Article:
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OlympusDAO Co-Founder Doxxed? Lawsuit Claims to Unmask 'Apollo'


www.coindesk.com 14 April 2022 20:11, UTC
Reading time: ~3 m

A lawsuit filed Thursday alleges that co-founders of the OlympusDAO (OHM) decentralized finance (DeFi) project cheated an early funder out of nearly 4 million in OHM tokens, worth at least $20 million today.

In what may be an unprecedented case of a legal filing testing the limits of pseudonymity in decentralized autonomous organizations (DAOs), the lawsuit also names a Connecticut resident as the supposed identity behind “Apollo,” one of Olympus’s pseudonymous co-founders.

CoinDesk has not independently verified the identity of the alleged Apollo and has reached out to the individual named in the lawsuit for comment.

What happened

The Ethereum-based OlympusDAO project has been one of the most talked-about – and most controversial – experiments to enter the world of decentralized finance (DeFi) in the past year.

The project sought to establish its native OHM token as a digital reserve currency through a mix of memes and game theory, but its price famously tanked 95% in a few short months this past winter.

The OHM token currently sits at $28 according to CoinMarketCap, down from a $1,300 peak in October.

The complainant in the lawsuit filed Thursday, Australia-based investor Jason Liang, says he agreed to promote OlympusDAO and paid $50,000 in DAI (a U.S. dollar-based stablecoin) in a private funding agreement in exchange for 4 million pOHM, a precursor to OHM. According to an Olympus Medium post, investors like Liang were later able to mint 1 OHM in exchange for 1 DAI and 1 pOHM.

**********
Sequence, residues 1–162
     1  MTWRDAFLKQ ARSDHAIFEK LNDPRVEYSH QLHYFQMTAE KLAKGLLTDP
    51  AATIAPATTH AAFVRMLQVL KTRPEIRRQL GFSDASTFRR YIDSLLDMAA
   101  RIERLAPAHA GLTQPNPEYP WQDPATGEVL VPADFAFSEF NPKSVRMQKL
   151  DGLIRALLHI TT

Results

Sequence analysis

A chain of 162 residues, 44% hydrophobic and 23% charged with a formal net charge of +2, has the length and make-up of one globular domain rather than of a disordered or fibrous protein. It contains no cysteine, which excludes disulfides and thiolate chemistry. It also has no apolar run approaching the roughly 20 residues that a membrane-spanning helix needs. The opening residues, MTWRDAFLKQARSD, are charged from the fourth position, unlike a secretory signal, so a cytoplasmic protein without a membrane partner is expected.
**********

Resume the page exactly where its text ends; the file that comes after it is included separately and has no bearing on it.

In his suit, Liang alleges that the smart contracts enabling him to redeem pOHM for OHM were rendered inoperable by the Olympus team after Liang started selling off some of his Olympus tokens, resulting in a dispute between Liang and Olympus’s founders.

Liang says the Olympus team’s ability to meddle with key smart contract functionality undermines claims that they are decentralized.

According to the lawsuit, the Olympus team also used pseudonymity to protect them from legal liability.

Liang alleges that a token purchase agreement (TPA) between him and Olympus stated that money raised in the private funding round would go to a company that did not actually exist. With the identities of Olympus’s founders a secret, the lack of an officially-registered company behind the fundraiser was, according to the lawsuit, designed to make it difficult for an investor like Liang to pursue legal action against the project.

OlympusDAO: An ‘honest Ponzi’?

When it launched last year, OlympusDAO’s unique bonding and staking mechanics promised staggeringly high returns to investors in the realm of 10,000% annual percentage yield (APY). In order for the system to work, OHM holders were encouraged to interact with Olympus’s smart contracts according to a set of game theory principles memefied by the project’s community.

‘Hodling,’ buying, and staking OHM would theoretically guarantee steady, sky-high returns for the whole community. Selling, like Liang did, was sacrilege.

A flock of vocal critics dismissed OlympusDAO as a Ponzi scheme from its very start, but the DAO still managed to spur an entire “DeFi 2.0” movement – inspiring popular spin-offs like KlimaDAO and WonderlandDAO to jump in with their own high-yield token systems.

As OlympusDAO has grown into one of the most popular projects in decentralized finance, its creators – the pseudonymous “Zeus” and “Apollo” – have remained anonymous (until now, perhaps, in Apollo’s case).

Pseudonymity of a project’s core contributors is not uncommon in the world of DAOs, and it has been framed as a way for a decentralized community to preserve meritocracy.

Liang’s lawsuit suggests there are other reasons why DAO creators might want to hide their identities, and the filing comes a couple of months after the pseudonymous creator of WonderlandDAO, OlympusDAO’s largest spinoff, was unmasked as a well-known convicted felon.

This is a developing story. Check back for updates.

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